Textron Aviation, the world’s largest maker of business propeller planes like Beechcraft Bonanza, Baron and King Air, said today it would use a brand new advanced turboprop engine developed by GE to power its latest single-engine turboprop plane. The engine burns 20 percent less fuel and produces 10 percent more power, compared to engines in its class.
The agreement represents a major coup for GE Aviation. A mainstay in the commercial and military jet engine space, the company entered the turboprop space for business aviation only seven years ago, when Pratt & Whitney Canada dominated the market.
The new turboprop engine is the same size as its peers but produces nearly double the overall pressure ratio. It will allow pilots to carry less fuel for the same mission, said Brad Mottier, vice president of business and general aviation and integrated systems at GE Aviation.
“They can fly longer distances with more power while enjoying jet-like operational smoothness in the cockpit,” said Mottier, who himself is a pilot. “That’s because the engine and propeller controls eliminate worries like over-temperature and over-torqueing. These technologies are unprecedented in turboprops, so now Textron Aviation can design a different class of aircraft.”
Textron Aviation, which also owns the Cessna, Hawker and Bell Helicopter brands, redefined business aviation in 1964 with its Beechcraft King Air plane powered by Pratt & Whitney’s PT6 engine. The engine remains the best-selling turboprop on the market today.
But that could change. “Our single engine turboprop will combine the best of both clean-sheet aircraft and new engine designs, “ Christi Tannahill, senior vice president for turboprops and interior design at Textron Aviation, said about the new plane. “By leveraging the newest technologies, we expect our single-engine turboprop to outperform the competition in critical areas ranging from cabin size and acquisition cost to performance capability and fuel savings.”
To develop the new engine, GE pulled together jet technologies that have logged more than 1 billion flight-hours, but have never been used inside a turboprop of this size. GE calls this idea of sharing technologies and knowledge the GE Store.
For example, the engine’s designer drew on a technology called variable stator vanes. It was originally developed by GE engineer and aviation legend Gerhard Neumann for supersonic flight, but now it also serves insight GE’s largest and most efficient gas turbines. The new engine will also include 3D-printed parts, which debuted inside the LEAP jet engine, cooled turbine blades, and integrated propulsion control that manages both the engine and propeller as a single system to lessen pilot workload.
Mottier says that packaged together, the new technologies will improve aircraft performance and can extend time between engine overhauls by more than 30 percent.
The new 1,300 shaft-horsepower (SHP) turboprop will be GE’s first engine designed, tested and manufactured in Europe. GE will open a new “turboprop center of excellence” to make the engine as well as new regional aircraft engines. “We plan to select a location for the new turboprop center of excellence in Europe by the end of the first quarter in 2016,” Mottier said.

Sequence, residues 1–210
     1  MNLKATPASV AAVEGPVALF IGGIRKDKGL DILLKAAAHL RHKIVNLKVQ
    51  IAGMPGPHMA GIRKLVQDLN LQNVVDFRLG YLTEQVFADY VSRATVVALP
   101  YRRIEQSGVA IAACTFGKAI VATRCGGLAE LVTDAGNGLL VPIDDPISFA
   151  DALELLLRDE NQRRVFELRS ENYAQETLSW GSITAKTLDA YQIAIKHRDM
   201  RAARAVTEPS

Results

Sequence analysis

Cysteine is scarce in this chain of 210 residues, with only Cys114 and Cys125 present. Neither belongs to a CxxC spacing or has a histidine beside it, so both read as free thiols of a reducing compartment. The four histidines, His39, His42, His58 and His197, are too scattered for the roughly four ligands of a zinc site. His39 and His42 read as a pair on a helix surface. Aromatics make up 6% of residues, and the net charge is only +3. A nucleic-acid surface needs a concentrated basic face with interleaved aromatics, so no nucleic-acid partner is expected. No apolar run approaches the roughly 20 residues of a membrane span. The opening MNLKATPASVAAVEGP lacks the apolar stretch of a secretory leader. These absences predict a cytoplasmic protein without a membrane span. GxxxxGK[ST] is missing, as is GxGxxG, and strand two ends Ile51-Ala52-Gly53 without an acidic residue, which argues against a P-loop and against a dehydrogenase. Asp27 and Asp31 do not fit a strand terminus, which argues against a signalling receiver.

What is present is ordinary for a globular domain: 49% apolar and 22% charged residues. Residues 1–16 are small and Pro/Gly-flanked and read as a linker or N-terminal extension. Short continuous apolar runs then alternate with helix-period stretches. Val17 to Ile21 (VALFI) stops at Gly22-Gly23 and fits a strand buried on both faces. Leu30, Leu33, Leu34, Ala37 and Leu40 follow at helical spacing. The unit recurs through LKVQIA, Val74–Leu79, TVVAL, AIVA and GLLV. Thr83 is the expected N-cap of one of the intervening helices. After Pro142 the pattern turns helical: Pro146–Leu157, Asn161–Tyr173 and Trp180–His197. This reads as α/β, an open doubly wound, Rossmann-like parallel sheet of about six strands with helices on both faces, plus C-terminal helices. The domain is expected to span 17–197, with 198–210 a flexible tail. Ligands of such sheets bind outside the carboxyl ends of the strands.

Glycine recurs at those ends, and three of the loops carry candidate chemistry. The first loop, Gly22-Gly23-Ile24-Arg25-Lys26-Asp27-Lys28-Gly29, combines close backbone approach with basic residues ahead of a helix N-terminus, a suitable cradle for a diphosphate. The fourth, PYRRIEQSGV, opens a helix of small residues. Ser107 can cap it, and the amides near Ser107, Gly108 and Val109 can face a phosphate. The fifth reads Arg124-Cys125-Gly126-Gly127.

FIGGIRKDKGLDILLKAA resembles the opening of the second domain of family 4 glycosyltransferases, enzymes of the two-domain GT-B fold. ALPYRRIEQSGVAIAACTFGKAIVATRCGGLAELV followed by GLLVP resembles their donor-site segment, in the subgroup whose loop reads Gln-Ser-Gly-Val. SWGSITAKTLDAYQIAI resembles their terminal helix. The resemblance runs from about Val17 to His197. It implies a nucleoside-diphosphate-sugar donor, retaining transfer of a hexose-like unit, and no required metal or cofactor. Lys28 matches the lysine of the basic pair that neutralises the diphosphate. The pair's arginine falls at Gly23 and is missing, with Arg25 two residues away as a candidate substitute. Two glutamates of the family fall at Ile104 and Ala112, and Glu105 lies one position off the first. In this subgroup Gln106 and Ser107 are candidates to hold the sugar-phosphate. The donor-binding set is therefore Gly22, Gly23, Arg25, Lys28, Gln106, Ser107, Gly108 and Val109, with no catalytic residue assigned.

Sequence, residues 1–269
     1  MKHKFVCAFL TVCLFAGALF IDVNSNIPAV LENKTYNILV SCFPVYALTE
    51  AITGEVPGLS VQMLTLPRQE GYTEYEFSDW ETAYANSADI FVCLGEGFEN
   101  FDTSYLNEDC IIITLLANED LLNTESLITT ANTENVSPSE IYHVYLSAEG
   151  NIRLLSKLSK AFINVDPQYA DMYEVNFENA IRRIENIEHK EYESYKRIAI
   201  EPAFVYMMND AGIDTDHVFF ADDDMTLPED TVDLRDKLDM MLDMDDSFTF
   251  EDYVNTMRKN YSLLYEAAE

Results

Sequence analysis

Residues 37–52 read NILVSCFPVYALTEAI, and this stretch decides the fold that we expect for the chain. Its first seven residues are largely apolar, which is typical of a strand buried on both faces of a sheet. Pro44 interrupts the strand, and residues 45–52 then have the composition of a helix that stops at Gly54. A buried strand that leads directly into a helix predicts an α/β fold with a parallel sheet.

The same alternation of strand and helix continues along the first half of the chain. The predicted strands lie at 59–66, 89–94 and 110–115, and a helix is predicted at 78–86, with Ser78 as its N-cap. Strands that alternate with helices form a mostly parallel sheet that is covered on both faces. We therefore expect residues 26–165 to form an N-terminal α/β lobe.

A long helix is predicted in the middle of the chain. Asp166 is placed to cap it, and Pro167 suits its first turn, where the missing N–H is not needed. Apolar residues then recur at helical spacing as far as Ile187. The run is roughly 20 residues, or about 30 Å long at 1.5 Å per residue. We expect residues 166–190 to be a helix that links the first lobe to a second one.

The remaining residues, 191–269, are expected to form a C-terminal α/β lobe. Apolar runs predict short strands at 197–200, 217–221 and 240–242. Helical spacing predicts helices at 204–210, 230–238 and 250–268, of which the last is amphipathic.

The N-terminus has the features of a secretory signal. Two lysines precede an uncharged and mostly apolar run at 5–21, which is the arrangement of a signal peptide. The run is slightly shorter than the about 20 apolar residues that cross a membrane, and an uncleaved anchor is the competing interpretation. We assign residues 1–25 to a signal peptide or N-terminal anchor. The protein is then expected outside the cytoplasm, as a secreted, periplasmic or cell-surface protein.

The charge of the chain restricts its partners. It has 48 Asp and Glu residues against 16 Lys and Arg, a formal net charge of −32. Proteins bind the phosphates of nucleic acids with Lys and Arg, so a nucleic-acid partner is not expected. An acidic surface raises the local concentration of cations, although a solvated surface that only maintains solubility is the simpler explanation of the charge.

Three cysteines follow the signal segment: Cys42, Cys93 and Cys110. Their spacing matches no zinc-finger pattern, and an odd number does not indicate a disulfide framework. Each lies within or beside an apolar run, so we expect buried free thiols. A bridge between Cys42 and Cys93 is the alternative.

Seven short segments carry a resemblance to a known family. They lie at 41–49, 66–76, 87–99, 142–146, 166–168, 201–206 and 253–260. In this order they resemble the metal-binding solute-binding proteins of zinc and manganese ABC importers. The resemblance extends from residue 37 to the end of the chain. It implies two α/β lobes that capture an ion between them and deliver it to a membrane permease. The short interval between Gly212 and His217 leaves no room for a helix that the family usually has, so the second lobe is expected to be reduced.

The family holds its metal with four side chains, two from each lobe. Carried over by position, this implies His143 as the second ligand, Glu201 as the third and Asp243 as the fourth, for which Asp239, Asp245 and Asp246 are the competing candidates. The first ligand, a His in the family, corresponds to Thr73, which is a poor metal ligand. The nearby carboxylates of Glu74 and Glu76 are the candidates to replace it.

GE started building small turboprop engines in 2008, when it acquired Walter Aircraft Engines in the Czech Republic. At the time, Walter produced a small number of simple yet rugged turboprops utilized mostly in Eastern Bloc nations, Russia and parts of Africa.
GE re-designed the engines so they could produce as much as 850 horsepower, fly higher and consume less fuel to reach some of the world’s most remote airports, including Lukla at the foot of Mt. Everest. They also serve on commuter and business planes as well as crop dusters.
When Mottier launched GE’s Business and General Aviation unit in 2008, the group’s annual revenues, driven primarily by the CF34 engines on the Challenger jet, were less than $100 million.
GE’s business aircraft engine portfolio now includes engines for the HondaJet through its joint venture, called GE Honda. GE is also developing the Passport engine for Bombardier’s Global 7000 and Global 8000 aircraft. GE expects revenue from the core business and general aviation unit to top $1 billion in 2020.
But with the Textron Aviation selection, Mottier said GE has secured a platform that is worth “billions” in revenue on its own. “For business and general aviation turboprops, today’s selection is similar in magnitude to the CFM-Pratt & Whitney battle to power commercial narrow-body jets in the late 1960s,” Mottier said. CFM is a 50/50 joint company between GE Aviation and France’s Safran (Snecma).
“Four decades ago the Pratt & Whitney JT8D was the dominant engine in commercial aviation. Then, CFM came to the table with new technologies and a higher bypass ratio engine, and displaced the JT8D,” Mottier said. “Some 28,000 engines later, the rest is history. I think there’s a parallel here when you think about our new advanced turboprop, breaking into a market where Pratt and Whitney Canada has sold more than 41,000 engines over the past 50 years. This is by far the biggest win of my 35-year career in aviation.”